Note: Just a quick reminder, opinions are my own, does not reflect my projects — so if you come here nagging about my article and try to evict me from doing Open Source work, then you’re an a**hole.
I respect people, especially when they do amazing things, but that doesn’t mean we should need some white knights to guard us to be good boys and gals. In the open source world, we don’t need too much governing hands because most communities are self-governing.
This is why, when these Social Justice Warriors, or in short: SJWs, came along, It caused radical changes in the open source world, some in a good way, some in a bad way. Here’s some I found while being a active participant in some communities.
A Code of Conduct is Fine, Limiting us to do contributions isn’t
I highly value moderation as I was a moderator of some communities before I found my penchant in programming. Most of these communities, were pretty hands-free as they were nice to each other and they don’t cross boundaries.
A code of conduct is essential in some communities because it determines the ethical boundaries the developers should consider during professional and casual conversation inside the project. It is effective in the sense if people read it and have common sense, they will abide and try to have everyone follow it as well.
This, however, must be regulated as well as having guidelines that limits some freedom of speech to the members of the community can raise eyebrows.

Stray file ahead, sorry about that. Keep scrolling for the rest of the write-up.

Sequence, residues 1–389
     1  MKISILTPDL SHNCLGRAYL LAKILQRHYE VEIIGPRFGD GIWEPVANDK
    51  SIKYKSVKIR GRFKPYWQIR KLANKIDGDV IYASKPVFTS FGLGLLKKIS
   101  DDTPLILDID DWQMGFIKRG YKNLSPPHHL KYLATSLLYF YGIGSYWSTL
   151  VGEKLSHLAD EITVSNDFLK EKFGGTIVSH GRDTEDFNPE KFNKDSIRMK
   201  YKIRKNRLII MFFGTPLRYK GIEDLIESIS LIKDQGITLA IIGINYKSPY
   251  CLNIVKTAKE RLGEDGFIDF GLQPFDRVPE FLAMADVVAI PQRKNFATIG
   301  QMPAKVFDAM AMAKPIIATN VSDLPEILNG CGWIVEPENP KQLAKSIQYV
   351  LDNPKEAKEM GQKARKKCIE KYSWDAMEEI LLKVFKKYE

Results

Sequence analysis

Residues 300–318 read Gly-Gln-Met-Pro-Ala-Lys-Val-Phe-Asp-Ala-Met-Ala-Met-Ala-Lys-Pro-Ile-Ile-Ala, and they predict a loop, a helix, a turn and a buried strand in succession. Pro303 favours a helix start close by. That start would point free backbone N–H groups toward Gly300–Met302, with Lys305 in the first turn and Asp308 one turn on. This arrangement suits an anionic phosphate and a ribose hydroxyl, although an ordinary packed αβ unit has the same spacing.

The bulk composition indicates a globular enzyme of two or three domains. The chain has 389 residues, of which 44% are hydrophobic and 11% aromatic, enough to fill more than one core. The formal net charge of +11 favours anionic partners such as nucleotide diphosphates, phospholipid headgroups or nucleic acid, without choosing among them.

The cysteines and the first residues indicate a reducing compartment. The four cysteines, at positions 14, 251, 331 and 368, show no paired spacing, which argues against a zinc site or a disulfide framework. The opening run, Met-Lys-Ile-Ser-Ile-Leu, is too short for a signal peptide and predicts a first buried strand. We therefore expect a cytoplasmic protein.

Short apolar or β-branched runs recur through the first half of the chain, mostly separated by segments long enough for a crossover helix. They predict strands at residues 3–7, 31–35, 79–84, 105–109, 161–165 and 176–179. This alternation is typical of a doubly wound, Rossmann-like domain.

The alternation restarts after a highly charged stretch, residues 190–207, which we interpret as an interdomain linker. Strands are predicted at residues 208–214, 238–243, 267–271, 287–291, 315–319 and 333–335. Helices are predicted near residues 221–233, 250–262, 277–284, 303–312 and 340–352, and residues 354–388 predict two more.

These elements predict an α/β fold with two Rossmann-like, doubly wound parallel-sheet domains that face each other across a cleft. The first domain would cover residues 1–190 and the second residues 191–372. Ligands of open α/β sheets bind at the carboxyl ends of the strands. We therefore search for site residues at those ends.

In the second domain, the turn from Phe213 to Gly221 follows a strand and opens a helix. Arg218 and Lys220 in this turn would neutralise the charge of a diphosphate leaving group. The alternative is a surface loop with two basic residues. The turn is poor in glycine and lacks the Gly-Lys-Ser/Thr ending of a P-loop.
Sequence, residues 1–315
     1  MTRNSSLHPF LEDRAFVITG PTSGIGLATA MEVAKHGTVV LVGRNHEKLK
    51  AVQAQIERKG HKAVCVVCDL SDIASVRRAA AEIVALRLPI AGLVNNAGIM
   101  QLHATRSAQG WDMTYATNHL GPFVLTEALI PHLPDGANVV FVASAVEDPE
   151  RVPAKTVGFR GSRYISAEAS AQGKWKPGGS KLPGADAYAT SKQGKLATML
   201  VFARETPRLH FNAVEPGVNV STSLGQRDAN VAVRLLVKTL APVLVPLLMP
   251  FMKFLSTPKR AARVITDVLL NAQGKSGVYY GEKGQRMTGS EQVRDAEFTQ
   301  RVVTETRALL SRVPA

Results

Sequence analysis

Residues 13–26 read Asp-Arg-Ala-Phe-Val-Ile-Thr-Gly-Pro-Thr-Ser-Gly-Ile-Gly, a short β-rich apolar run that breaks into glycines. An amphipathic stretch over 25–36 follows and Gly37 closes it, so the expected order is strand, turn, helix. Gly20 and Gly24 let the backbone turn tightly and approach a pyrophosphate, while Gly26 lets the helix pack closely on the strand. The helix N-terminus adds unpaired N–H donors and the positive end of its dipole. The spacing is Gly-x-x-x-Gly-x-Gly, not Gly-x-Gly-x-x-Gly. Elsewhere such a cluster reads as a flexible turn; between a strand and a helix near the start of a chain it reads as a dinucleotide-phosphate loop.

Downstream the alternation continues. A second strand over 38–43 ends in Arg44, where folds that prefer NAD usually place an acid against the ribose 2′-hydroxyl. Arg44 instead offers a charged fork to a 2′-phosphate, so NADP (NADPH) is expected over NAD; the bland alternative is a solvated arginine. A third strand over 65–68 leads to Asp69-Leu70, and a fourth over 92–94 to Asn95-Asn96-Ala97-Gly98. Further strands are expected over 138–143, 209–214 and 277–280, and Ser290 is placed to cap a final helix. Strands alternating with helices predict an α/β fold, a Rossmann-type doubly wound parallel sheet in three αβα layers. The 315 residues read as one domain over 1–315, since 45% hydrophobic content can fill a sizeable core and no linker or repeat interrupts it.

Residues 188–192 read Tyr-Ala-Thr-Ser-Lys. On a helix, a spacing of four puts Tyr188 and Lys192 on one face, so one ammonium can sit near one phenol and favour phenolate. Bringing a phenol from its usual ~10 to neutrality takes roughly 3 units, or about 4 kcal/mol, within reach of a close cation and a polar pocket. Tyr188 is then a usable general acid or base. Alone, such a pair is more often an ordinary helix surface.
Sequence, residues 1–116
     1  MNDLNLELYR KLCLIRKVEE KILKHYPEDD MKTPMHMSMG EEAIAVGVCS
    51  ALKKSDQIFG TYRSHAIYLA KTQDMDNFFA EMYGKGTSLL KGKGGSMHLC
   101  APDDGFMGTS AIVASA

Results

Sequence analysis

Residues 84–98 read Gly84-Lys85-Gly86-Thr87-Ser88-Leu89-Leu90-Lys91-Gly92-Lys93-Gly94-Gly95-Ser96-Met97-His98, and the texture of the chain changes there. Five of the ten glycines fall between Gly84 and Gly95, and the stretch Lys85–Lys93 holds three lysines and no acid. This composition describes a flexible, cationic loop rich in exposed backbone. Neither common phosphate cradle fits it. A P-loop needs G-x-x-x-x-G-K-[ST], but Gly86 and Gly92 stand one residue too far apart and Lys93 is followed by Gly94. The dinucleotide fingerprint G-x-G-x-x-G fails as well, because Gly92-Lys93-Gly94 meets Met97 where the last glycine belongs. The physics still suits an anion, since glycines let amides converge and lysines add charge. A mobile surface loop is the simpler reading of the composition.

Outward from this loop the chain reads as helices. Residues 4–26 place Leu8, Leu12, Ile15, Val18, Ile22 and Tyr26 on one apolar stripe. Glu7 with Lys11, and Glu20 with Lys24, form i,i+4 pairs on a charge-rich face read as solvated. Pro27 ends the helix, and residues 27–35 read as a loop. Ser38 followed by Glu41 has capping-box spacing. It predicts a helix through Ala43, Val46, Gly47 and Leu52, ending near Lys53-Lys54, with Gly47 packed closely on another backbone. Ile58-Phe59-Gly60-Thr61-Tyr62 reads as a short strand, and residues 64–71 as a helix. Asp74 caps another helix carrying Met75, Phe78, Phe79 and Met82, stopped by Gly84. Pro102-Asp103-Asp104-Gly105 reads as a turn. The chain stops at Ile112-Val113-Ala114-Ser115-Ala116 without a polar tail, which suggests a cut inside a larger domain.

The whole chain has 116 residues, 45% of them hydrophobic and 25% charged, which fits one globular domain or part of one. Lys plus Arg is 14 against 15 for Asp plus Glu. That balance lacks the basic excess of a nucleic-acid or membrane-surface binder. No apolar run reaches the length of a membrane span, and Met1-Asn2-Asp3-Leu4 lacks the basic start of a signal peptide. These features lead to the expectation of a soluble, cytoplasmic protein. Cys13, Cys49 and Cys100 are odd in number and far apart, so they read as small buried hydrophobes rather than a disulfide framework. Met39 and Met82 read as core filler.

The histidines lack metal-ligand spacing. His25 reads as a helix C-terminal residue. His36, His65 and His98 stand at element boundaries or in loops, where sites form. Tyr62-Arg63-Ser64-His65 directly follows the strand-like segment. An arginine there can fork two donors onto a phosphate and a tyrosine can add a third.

Now, of course, with that in mind — let’s get over to the conduct’s purpose: it should and should only be enforced within the project. Personal opnions of the members should be left behind and out of scope for the conduct — as this was not done in-communication with the rest of the community.
However, some SJWs take these conduct too much as a governing law, and even “enforce” it on project leaders. Sad to say, there was this issue about that on a GitHub project named Opal, because the maintainer had a personal opinion, and someone decided to open an issue to evict him of the maintainer role.
Transphobic maintainer should be removed from project · Issue #941 · opal/opal
Elia Schito is publicly calling trans people out for "not accepting reality" on Twitter. His Twitter profile mentions…
Good to say, the issue was closed, but raised too much outcry from people who were backing the issue’s connoisseur. But the specific maintainer handling the issue specifically stated:
“Also to elaborate more on that, Opal is a technology, technology is moral-less, if a transgender contributor appeared @elia’s views wouldn’t even appear in here, because why would anyone care, bring contributions, they will be accepted with open arms, bring morals and politics in here, and you will be shown the metaphorical door.”
The said maintainer is right, as we should always leave the personal opinion of a person — which is outside of the project, out of the context of the conduct, because it wasn’t the project community’s opinion as a whole, rather it was his own. It’s rather clear that if you stalk someone who is in the higher ranks in a project and found him saying something offensive, leave that out of the community matters, unless he specifically targets the community itself.